Wrong. That is a contractual issue, not related to the film or the sensor. A newspaper will probably force any photographer to sign a waiver of copyright for anything done while employed by and at work for the company. Given that, whether a news shot is taken with the paper's gear or the photographer's, the copyright belongs to the paper.
If you loan your camera to someone and they take a photo, they own the copyright. Not you - unless you force them to sign a similar waiver.
paul simon king: well i that case that kinda rules out self timer pics too then, or pics actualted by passing animals triggering a infra red etc?
Of course it's his flaming pic, it wouldnt have been taken if he hadnt set it all up and posted it
No, not at all. In both scenarios you describe the photographer took an intentional action to create the photographs.
The self-timer merely delayed the shutter firing. In many lower-end cameras even today there is a noticeable lag between depressing the shutter button and the shutter firing. The intent remained the same - to take a photograph.
If an infrared trigger fires the shutter it only did so because the photographer turned it on. Again, intentional action caused the photo to be taken.
In this case, the monkey took the camera away from the photographer and the photographer no longer had any control over the subject, framing or timing of any photographs made. Therefore he cannot claim ownership of any of the photos.
Dan Desjardins: Perhaps its too late, but instead he could copyright it as a work of art rather than as the photographer. I just wonder if it could be argued that he set up the sequence of events for this to occur as an artistic expression and thus would be entitled to copyright?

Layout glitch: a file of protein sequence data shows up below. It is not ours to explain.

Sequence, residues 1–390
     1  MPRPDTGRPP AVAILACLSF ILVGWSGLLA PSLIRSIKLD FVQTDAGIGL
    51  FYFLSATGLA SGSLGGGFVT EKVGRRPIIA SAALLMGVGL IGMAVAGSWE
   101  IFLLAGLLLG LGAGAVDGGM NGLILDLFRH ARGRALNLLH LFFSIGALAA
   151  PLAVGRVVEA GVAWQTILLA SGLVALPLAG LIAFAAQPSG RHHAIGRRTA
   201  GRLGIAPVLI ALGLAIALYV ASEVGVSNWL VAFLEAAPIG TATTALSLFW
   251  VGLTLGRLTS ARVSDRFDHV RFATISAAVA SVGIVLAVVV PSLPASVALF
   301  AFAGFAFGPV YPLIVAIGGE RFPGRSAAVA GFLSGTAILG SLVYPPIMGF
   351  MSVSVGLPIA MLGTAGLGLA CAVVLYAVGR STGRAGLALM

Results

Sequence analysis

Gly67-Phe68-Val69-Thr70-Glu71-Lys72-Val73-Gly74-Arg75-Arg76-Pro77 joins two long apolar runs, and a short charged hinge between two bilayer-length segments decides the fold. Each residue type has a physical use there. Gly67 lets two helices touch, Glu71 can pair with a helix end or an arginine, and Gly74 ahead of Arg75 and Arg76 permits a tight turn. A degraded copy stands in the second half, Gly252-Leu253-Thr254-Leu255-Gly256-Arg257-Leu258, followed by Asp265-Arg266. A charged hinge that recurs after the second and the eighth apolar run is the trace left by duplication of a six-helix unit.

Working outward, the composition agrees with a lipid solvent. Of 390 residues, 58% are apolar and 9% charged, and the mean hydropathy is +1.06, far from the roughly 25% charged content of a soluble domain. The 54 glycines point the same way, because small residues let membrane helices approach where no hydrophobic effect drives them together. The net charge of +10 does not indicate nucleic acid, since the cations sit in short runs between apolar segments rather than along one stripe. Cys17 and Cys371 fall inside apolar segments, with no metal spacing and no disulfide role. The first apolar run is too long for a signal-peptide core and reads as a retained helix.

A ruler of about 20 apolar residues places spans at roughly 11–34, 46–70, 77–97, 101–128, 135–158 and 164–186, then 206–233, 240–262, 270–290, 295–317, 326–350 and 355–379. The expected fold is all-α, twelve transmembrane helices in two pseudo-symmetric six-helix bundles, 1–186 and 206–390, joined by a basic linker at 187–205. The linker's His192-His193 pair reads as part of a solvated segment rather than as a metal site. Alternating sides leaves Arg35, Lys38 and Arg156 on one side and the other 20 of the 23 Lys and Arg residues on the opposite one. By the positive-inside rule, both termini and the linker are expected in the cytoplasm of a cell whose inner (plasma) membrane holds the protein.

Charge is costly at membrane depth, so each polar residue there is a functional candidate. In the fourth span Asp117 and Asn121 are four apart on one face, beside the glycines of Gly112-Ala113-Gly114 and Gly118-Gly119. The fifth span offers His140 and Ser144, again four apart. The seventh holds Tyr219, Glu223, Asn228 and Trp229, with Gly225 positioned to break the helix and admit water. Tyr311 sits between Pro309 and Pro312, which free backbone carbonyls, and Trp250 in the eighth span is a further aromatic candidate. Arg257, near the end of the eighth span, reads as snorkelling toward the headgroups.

But did he set up the sequence of events? From the description here it sounds as though the monkey took it from him - not that he handed it to the monkey to see what might happen.
Kipplemaster: Depends on the laws of the relevant jurisdiction, which is a point often ignored! In my view this comes down to title. Who has best title to this photograph? Wikimedia Commons, the camera owner, or the monkey? I would say the monkey has best title, then the camera owner, then Wikimedia Commons. Assuming the monkey isn't putting forward a case, the camera owner should win.
Why? That's the "possession is 99% of the law" defense. Just because the photographer's camera was used to create the photo, why should he be able to claim ownership of photos created while it was not in his possession or under his control?
Richard Schumer: "Do you think Mr. Slater's takedown requests are justified?"
That's actually three questions -- one as to law, one of facts, and one of "fairness."
The law is on Wikipedia's side, clearly. The facts are the photographer owns the camera and distributed the photos, something the animal could not do on its own.
Fairness, like beauty, however, "is in the eye of the beholder."
Interesting. I was going to say "no" but then I got to thinking about public domain things.
I play classical violin. Most of the music I play is in the public domain - Beethoven died a LONG time ago. However, the sheet music created by the publisher has edited the piece - added bowings and other interpretations - and now has a copyright on that edition of the piece. I suppose you could argue that edits to a public-domain photograph that make it substantially different from the original could be copyrightable. However, how do you define "substiantially different?" A crop, or even adjusting color should not qualify, in my opinion.